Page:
When Tom and Jerry Tales premiered on the Kids WB! Network in September of 2006, I’m sure there was a collective moan across the animation fan collective. Bringing back old animation into the modern atmosphere has rarely proved successful in the past and when taking beloved characters like Tom and Jerry, you had to wonder if there was any real possibility that it could be done right. Those who watched the first pilot episodes and purchased the subsequent DVD volumes, collecting around three hours of the series, found that the series really wasn’t all that bad. In fact, at times, it rivaled some of the classic Tom and Jerry cartoons.
Not so much a re-imagining as much as the old series revitalized into a newer format, Tom and Jerry Tales takes all of the classic elements of the cartoons, keeps them, and expands the show into new territories. While the older shows kept largely to the home and yard, the new series expands and puts our cat and mouse adversaries into prehistoric worlds and haunted houses. With robots and dinosaurs abound, this third volume of Tom and Jerry Tales collects fifteen more shorts from the shows first season.
I’m not entirely sure what order these volume discs are being released as, because when I referenced an episode guide I found this collection had episodes from the second episode produced, so what’s going on exactly, I’m not sure. Still, whatever order they’re in, it doesn’t really matter from a storytelling standpoint as they’re all standalone tales, like before. Each “episode” has three stories each, which are as easy to get into as the old series. I was actually amazed by how similar this new series was to the old, even if the absurd violence is toned down a bit. The tricks, interaction and even Tom’s remorse when he thinks Jerry died are all intact, but with newer, smoother animation and a larger sound effects and color palette.
Admittedly I was a bit taken aback by the first episode on this set, “Bats What I like About the South”, simply because it took place in a haunted house and isn’t what I was used to from the franchise. Still, once I got into it I realized it was just like the original and I even found myself laughing quite a few times. These cartoons are still made with the all age’s audience in mind, which is nice to see—I grew tired of being talked down to in some of the recent animated productions that have aired. Tom and Jerry Tales is simply just a fun cartoon to watch. Recommended.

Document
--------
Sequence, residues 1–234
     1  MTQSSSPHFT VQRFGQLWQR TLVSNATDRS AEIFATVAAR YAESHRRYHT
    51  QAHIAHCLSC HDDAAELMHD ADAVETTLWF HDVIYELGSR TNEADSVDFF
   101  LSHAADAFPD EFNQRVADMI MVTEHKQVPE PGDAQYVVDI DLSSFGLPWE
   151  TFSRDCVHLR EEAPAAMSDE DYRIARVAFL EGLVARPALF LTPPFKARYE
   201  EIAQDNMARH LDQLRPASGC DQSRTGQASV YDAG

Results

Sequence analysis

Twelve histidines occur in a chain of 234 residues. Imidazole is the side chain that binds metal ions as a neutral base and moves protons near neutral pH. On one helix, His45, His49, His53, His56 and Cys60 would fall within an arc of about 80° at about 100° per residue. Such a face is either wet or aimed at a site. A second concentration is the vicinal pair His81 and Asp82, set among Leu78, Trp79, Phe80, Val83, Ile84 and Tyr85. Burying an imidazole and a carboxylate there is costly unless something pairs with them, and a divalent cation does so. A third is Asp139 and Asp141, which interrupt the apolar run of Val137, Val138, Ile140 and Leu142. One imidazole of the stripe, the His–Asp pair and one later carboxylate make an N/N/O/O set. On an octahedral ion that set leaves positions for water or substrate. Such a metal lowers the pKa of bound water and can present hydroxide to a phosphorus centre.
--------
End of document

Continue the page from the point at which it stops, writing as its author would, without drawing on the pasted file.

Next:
Arriving in a single disc amaray case with no slipcover or insert, Tom and Jerry Tales – Volume 3 packs nearly two hours worth of cartoons (the back states 120 minutes, but the actual run time is about three minutes shy of that mark) onto the single disc, quite impressive considering past releases were only around 90 minutes each. Disc art is unique compared to the rest of the packaging and the menus are static and easy to navigate. Video and audio are pristine and showed few signs of interlacing or compression. The video is a standard 4:3 transfer, but I have to wonder if the show isn’t animated in widescreen, like most things are nowadays.
Moving onto the extras…wait, there are no extras. This DVD is completely barebones, offering up only the fifteen episodes themselves. Sure the qualities pristine, but considering they’re releasing these things in volumes, you’d think they’d shove kind of piddly extra on here, but this release has nothing. Even with two hours of content on the disc, it still has about two gigabytes free, more than enough for more cartoons or some extras.
I really don’t like volume releases, if only because I feel they cheat the consumer. It’s not that difficult to release a two-disc a set these days, but it’s not as profitable in most cases. At least they’re offering up a couple hours of content this time around, but Warner Home Video really just needs to stop milking these franchises and give us larger sets. Great show, but these releases are a laugh. Skip It.
Tom and Jerry Tales: Volume 3 is now available on DVD.